Now that the trees have been removed, the castle is visible even from a distance and it is easy to distinguish the three lines of fortifications. The internal wall has been exposed, including its gate tower and opening for pouring boiling liquids on invaders. The ceremonial hall is also very impressive. The large cisterns and clay pipes that collected water from the roofs of the castle can now be seen as well.

Conclusion of the Route

Still on the red trail, we walked through the castle and made our way up via the outer wall on the northern side. Several courses of the wall’s huge stones are still in place. The trail passes through the moat, which borders the castle on the east. Some 50 meters further on, it passes through a rock crevice, about a meter wide, with steep, 8-meter-high walls. The crevice appears to have been widened for use as an external moat.

At exactly 6 p.m., the jackals burst into a symphony that echoed throughout the Western Galilee. While we were walking up the trail to get to the car, we glanced back at the landscapes of the Sulam Ridge, which forms Israel’s northern border, the Galilee coastal plain, and the sea – a wonderful backdrop for a castle.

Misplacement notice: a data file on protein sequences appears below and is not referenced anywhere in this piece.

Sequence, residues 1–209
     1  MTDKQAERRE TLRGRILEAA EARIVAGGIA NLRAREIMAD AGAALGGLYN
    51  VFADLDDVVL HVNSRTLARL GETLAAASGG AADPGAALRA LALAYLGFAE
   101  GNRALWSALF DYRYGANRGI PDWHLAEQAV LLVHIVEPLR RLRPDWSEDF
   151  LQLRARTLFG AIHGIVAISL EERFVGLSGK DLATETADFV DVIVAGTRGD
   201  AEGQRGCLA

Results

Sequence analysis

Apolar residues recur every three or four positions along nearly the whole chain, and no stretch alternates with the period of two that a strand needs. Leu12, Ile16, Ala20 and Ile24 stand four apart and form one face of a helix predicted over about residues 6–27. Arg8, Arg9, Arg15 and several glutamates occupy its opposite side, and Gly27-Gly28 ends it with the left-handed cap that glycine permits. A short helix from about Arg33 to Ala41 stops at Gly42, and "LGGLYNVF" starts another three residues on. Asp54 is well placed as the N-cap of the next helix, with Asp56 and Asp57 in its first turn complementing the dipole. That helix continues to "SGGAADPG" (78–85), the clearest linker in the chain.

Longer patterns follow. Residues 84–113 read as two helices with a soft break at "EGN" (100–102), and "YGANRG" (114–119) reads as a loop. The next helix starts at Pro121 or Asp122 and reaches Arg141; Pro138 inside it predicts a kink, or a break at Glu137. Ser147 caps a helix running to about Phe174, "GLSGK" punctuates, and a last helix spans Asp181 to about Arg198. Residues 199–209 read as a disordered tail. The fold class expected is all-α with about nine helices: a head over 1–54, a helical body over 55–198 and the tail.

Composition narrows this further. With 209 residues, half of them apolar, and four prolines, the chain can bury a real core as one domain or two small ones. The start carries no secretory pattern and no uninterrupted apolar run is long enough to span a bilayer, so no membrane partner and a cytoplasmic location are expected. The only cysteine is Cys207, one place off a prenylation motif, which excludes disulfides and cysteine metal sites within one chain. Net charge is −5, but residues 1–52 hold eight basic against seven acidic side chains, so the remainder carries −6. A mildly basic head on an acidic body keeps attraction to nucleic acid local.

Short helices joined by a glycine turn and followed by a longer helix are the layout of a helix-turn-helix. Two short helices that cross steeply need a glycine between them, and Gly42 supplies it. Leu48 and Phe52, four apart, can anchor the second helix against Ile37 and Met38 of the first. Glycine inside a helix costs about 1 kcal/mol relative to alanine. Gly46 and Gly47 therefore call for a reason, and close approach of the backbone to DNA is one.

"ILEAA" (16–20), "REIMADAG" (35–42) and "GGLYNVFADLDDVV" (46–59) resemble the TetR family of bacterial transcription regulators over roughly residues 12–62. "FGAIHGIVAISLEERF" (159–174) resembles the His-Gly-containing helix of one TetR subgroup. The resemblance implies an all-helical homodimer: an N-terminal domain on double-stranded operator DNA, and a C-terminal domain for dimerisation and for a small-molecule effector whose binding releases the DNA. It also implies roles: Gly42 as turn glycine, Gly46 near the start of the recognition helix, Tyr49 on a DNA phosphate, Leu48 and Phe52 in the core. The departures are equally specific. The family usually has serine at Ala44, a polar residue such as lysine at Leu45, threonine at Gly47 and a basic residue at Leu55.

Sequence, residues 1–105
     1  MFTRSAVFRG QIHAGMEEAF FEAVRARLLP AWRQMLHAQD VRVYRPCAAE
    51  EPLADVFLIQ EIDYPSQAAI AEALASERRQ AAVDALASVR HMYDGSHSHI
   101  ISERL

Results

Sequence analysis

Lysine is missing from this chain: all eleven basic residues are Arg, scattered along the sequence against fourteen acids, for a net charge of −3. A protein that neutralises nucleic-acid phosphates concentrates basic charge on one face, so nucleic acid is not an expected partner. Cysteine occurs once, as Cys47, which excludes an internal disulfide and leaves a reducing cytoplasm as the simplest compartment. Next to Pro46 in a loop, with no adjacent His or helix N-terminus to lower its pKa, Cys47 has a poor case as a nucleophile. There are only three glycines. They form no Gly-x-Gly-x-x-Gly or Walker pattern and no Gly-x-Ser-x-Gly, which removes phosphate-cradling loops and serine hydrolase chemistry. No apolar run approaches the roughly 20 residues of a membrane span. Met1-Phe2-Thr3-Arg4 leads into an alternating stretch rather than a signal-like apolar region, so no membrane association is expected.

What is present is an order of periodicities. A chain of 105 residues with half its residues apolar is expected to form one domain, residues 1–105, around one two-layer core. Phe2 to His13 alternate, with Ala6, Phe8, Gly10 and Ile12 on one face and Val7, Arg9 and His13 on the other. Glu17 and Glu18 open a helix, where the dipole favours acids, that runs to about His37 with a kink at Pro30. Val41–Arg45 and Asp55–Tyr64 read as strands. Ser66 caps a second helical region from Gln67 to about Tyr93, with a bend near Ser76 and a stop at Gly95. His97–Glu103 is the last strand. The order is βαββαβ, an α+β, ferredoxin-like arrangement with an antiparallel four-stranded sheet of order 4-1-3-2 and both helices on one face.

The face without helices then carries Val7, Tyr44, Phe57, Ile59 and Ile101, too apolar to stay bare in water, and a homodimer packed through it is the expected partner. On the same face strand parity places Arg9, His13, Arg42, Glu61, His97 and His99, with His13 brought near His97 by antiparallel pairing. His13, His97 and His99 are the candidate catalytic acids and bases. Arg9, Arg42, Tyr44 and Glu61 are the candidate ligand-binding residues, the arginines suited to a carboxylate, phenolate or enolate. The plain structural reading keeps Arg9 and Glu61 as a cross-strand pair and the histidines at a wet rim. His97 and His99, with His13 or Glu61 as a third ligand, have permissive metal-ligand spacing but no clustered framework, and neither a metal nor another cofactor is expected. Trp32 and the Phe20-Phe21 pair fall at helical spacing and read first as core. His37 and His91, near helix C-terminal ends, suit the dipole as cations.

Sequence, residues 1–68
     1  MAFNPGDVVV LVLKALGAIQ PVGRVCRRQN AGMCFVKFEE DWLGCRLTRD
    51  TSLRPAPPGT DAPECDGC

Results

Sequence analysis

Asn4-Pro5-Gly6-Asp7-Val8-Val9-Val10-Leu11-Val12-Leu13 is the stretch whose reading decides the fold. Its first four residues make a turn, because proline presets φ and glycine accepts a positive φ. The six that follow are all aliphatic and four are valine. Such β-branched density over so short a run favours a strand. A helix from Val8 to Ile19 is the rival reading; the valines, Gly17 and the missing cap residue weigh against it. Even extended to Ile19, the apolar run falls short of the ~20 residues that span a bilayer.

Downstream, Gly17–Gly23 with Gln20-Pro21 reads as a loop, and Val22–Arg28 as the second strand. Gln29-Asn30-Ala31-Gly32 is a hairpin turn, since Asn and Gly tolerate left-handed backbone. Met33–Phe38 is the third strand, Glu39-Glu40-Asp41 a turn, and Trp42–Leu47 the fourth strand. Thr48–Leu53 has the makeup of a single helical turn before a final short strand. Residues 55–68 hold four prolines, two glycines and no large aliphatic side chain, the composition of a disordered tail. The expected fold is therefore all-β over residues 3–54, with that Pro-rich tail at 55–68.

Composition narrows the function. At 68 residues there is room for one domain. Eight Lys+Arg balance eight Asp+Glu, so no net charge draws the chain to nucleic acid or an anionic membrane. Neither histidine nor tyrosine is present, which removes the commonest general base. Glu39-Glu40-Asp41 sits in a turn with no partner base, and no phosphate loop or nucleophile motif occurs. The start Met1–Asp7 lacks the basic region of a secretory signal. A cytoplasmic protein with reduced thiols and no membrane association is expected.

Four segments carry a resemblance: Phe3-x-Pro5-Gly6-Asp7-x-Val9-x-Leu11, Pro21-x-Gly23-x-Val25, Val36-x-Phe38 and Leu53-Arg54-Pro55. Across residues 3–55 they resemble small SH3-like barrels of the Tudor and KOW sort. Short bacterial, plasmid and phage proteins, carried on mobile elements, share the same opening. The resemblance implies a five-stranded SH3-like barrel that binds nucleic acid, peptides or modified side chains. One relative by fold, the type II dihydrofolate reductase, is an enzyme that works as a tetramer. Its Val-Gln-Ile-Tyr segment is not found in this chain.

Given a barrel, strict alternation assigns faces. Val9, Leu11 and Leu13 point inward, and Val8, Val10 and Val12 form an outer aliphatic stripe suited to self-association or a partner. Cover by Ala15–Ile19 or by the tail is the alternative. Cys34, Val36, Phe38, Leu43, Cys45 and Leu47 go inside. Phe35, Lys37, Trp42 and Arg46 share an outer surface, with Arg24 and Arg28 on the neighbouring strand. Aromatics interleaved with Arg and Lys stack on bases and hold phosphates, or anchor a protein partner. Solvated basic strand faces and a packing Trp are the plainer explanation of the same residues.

Useful Information: 

Distance: Approx. 10 km

Duration: 5-6 hours

Difficulty: Moderate

Getting there: To reach the trail described in this article, drive from Mi’ilya toward Hila, pass Hila, and continue on the good dirt road (marked in red) that leads to Montfort Castle. After about 600 meters, having passed a turnoff onto a black-marked trail (left) and a blue dirt road (left), you’ll come to “our” black trail (on the right, 60 meters after a square area surrounded by a low concrete wall).

Logistics: Any vehicle can be parked beside the beginning of the trail. The route is a ring route, taking you back to the starting point.

Map: Upper Galilee Trail Map (No. 2; Hebrew only).

For map click here








© ERETZ Magazine 2016